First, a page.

“It's very interesting that you can fast-track some initiatives you've been trying to do for years,” said Dana H. Smetherman, MD, MPH, FACR, chair of the ACR Commission on Breast Imaging and associate medical director in the department of radiology at Ochsner Medical Center in New Orleans. “Things like home workstations or telehealth. Our neuro IR clinics are now all virtual. In 2019 our whole health system only did about 2,500 video visits for all of our clinicians. We now do more than 3,000 a day.”
This rapid transition to telehealth is a genie that will not be able to be put back in the bottle.
Daniel Ortiz, MD, a radiologist at Summit Radiology Services, P.C., noted that at his practice they’ve accelerated the acquisition of night and after-hours work, which they previously used teleradiology services for. They’ve also made the push for more standardized reporting for COVID-19 patients, which Ortiz thinks will help them grow a culture of more standardized reporting for other things. “Being in a private practice, a lot of our radiologists function and do things as they see fit rather than with a unified approach,” he said. “So that might change. We can use this culture of unified response and reporting.”
Panelists also noticed the benefits of more patient and referring physician engagement as a result of the pandemic. “One thing that I think worked well is engaging the patients and the ordering physicians in the process,” said Mossa-Bosha. At his institution, they implemented a text messaging system for patients to be in communication with their referring physicians to help rank elective imaging and determine time-sensitive or critical procedures. He hopes they’ll continue to increase patient and referring physician engagement, which will be particularly useful during crises when triage is paramount.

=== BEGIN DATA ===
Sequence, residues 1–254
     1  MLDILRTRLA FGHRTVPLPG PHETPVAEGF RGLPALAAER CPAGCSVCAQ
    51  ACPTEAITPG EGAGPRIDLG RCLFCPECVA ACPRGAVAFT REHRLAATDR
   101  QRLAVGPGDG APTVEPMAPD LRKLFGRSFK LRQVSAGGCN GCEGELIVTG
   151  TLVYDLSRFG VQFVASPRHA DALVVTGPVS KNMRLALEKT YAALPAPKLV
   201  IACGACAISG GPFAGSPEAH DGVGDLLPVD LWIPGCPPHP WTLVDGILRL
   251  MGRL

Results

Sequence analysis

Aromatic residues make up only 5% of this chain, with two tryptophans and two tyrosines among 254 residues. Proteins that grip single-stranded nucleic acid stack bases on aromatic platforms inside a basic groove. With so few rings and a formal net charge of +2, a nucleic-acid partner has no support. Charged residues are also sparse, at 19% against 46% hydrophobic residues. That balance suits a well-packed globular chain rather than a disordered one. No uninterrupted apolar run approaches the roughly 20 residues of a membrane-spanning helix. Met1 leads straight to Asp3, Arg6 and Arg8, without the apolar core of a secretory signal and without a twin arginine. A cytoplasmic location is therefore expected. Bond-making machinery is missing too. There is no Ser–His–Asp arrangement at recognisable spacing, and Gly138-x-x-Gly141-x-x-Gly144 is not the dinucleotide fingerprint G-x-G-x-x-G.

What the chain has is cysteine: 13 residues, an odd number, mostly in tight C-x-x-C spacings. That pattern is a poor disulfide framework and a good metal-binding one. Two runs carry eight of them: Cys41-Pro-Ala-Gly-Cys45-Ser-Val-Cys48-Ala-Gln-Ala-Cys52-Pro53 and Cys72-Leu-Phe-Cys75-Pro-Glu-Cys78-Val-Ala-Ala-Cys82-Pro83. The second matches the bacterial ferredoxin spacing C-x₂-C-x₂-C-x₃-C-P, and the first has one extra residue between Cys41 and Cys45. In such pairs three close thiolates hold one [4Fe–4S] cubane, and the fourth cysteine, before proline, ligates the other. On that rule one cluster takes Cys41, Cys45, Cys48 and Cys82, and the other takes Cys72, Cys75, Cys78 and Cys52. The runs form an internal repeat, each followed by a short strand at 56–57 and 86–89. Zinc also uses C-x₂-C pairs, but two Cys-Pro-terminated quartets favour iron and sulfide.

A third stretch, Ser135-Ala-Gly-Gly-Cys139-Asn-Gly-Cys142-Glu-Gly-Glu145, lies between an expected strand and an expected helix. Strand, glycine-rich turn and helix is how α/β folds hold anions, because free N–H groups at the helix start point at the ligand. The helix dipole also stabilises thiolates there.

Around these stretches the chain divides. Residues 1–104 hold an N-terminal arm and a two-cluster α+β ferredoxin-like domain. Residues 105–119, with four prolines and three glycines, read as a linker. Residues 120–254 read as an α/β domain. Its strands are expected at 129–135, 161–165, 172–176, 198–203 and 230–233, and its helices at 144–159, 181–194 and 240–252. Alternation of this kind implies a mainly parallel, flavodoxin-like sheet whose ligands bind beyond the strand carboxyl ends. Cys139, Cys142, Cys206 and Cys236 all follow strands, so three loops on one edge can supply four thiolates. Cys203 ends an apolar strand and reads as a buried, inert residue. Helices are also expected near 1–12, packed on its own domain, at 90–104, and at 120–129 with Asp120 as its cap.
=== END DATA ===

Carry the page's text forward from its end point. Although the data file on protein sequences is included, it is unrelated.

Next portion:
Panelists mostly spoke of constructive changes when it comes to process improvements, functionality, and patient communication and safety as a result of COVID-19. The proliferation of telehealth, however, was raised as a potential concern. “This rapid transition to telehealth is a genie that will not be able to be put back in the bottle,” Smetherman said. “I've jokingly said to my colleagues, ‘Okay, well, I guess the physical exam is dead!’ It has been surprisingly well-accepted in our institution by both the patients and by our clinical colleagues. I could envision a day when the people who are onsite at healthcare facilities are RTs, some IRs, surgeons, proceduralists like breast imagers, and everything else is done digitally. This digital disruption we've heard about in meetings for a decade basically happened in a week.”
Financial concerns are also top of mind for radiologists, as they prepare to navigate economic implications of COVID-19 and brainstorm ways to recoup losses. However, panelists reminded attendees that the challenges of these unprecedented times also provide fertile ground for leadership to blossom. “I really find these unexpected crises are equalizing events,” Ortiz said. “The traditional considerations of leadership hierarchy can be loosened a little bit and anyone can be a leader in their particular space.”
This article is the second of a five-part series in which the Bulletin will delve into key topics covered during RLI’s Leadership Town Hall: Leading in Times of Crisis. Read the first part, “Women Take Charge at COVID-19 Hot Spots,” here. To access the full recording of the webinar, visit bit.ly/RLITownHall_COVID.